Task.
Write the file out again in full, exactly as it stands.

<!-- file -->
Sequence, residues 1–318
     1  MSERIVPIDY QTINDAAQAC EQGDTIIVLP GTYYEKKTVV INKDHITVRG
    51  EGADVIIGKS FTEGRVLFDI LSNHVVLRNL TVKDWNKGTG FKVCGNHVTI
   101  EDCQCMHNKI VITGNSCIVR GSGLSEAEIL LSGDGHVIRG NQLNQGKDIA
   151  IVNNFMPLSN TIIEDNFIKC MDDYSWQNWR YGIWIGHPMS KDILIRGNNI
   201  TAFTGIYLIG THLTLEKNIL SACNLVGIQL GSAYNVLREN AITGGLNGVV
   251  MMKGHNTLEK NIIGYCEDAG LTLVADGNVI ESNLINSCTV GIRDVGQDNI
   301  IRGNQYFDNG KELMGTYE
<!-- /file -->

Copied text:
Sequence, residues 1–318
     1  MSERIVPIDY QTINDAAQAC EQGDTIIVLP GTYYEKKTVV INKDHITVRG
    51  EGADVIIGKS FTEGRVLFDI LSNHVVLRNL TVKDWNKGTG FKVCGNHVTI
   101  EDCQCMHNKI VITGNSCIVR GSGLSEAEIL LSGDGHVIRG NQLNQGKDIA
   151  IVNNFMPLSN TIIEDNFIKC MDDYSWQNWR YGIWIGHPMS KDILIRGNNI
   201  TAFTGIYLIG THLTLEKNIL SACNLVGIQL GSAYNVLREN AITGGLNGVV
   251  MMKGHNTLEK NIIGYCEDAG LTLVADGNVI ESNLINSCTV GIRDVGQDNI
   301  IRGNQYFDNG KELMGTYE